Bosnian Muslim women cry near the coffin of a relative, one
of the 175 coffins of newly identified victims from the
1995 Srebrenica massacre, in Potocari Memorial Centre, near
Srebrenica. REUTERS/Dado Ruvic
The Netherlands is liable for about 300 of the more than
8000 deaths in the 1995 Srebrenica massacre, a Dutch court has
ruled, pinning some of the blame for Europe's worst massacre
since World War 2 on the Dutch state.
A district court in The Hague said Dutch peacekeepers in
Srebrenica, a Bosnian Muslim enclave in Bosnian Serb-held
territory, could have known that the 300 men who had sought
refuge in their base in the village of Potocari would be
murdered if deported from the Dutch compound.
The court said the Netherlands was not liable for the deaths
of those who had fled into the forests surrounding
Srebrenica, where many of the men and boys were later buried
in mass graves.
The ruling could set a precedent with implications for future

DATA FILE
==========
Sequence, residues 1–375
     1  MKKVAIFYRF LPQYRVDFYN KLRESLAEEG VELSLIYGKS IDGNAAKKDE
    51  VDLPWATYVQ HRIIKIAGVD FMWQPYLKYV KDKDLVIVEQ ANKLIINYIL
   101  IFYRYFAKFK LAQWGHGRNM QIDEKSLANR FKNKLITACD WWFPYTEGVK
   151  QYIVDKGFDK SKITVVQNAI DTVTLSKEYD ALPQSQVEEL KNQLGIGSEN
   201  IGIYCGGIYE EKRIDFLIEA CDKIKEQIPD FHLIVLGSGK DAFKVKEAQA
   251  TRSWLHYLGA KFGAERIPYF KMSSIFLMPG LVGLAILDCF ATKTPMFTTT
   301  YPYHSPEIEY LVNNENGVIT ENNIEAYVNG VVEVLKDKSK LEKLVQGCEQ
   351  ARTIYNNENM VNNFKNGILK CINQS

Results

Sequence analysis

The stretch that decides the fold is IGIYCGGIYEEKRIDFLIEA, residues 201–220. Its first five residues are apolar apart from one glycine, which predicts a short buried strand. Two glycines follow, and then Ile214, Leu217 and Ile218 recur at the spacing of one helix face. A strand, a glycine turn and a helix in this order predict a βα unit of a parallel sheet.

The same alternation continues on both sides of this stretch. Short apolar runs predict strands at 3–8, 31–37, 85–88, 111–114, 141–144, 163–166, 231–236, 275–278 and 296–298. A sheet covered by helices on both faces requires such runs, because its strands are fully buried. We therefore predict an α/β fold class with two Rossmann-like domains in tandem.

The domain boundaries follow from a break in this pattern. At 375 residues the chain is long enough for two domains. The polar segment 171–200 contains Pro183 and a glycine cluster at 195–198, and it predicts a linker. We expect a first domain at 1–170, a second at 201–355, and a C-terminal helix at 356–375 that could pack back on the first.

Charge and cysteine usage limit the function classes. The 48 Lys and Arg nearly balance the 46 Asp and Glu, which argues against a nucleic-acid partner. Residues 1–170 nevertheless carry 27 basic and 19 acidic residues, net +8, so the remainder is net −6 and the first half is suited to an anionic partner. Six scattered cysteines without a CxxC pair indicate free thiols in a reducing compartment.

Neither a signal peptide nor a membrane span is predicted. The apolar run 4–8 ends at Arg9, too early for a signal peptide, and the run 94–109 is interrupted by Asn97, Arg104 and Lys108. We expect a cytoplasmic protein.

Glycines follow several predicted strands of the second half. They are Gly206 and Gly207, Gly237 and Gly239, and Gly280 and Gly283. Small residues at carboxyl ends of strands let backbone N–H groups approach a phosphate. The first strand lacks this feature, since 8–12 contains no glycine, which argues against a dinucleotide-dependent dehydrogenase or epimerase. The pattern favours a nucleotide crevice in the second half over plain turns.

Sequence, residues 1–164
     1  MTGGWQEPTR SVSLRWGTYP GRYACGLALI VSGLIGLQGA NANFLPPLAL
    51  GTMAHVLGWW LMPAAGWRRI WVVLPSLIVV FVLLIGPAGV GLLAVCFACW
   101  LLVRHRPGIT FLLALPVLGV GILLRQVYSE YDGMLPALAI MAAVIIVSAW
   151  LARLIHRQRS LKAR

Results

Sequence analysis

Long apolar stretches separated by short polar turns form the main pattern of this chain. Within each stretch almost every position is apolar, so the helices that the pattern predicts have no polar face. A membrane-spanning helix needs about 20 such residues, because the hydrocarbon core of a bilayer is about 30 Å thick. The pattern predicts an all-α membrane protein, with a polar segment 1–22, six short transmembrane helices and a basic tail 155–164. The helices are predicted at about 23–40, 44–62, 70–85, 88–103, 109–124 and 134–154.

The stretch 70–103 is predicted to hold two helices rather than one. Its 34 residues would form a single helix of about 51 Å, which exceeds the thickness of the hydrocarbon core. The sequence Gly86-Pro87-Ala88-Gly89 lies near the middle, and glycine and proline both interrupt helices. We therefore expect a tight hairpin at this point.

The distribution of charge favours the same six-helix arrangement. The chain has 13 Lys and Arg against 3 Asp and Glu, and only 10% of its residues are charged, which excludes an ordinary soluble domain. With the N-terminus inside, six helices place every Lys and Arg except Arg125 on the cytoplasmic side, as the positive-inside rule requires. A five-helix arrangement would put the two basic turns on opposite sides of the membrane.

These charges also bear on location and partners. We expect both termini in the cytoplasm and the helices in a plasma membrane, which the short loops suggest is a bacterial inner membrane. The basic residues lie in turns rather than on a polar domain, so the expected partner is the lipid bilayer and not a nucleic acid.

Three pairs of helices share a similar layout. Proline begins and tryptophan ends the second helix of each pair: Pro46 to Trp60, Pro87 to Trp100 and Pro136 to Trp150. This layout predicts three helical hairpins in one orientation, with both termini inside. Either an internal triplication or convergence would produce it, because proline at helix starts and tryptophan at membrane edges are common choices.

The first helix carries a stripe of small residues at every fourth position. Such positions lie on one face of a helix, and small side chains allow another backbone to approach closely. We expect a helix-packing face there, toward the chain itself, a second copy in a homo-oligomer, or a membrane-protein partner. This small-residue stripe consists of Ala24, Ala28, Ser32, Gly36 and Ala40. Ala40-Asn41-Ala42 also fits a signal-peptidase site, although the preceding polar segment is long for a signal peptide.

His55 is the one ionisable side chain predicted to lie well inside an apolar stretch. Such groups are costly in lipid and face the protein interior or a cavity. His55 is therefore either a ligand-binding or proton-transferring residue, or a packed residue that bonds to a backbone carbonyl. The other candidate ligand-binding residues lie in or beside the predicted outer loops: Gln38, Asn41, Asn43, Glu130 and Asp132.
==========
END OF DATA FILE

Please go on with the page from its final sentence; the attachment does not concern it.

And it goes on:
peacekeeping deployments by the Netherlands or other
During the Bosnian war, the Dutch battalion Dutchbat had been
deployed to protect Srebrenica, which had been designated a
safe haven by the United Nations, but surrendered to the much
larger Bosnian Serb army commanded by Ratko Mladic, who is on
trial for war crimes at an international court in The Hague.
The case was brought by the Mothers of Srebrenica, a group
representing surviving relatives of the victims. They had
failed in their bid to have a court find the United Nations
responsible for the massacre.
"At the moment that the men were sent away, Dutchbat knew or
should have known that the genocide was taking place and
therefore there was a serious risk that those men would be
killed," said judge Peter Blok.
The failure of Dutch soldiers to protect the Muslim men and
boys of Srebrenica has left a deep scar in Dutch politics,
contributing to the resignation of the Dutch government in
The three-year Bosnian war, in which at least 100,000 people
were killed, was the bloodiest of a series of conflicts that
accompanied the break-up of Yugoslavia in the 1990s.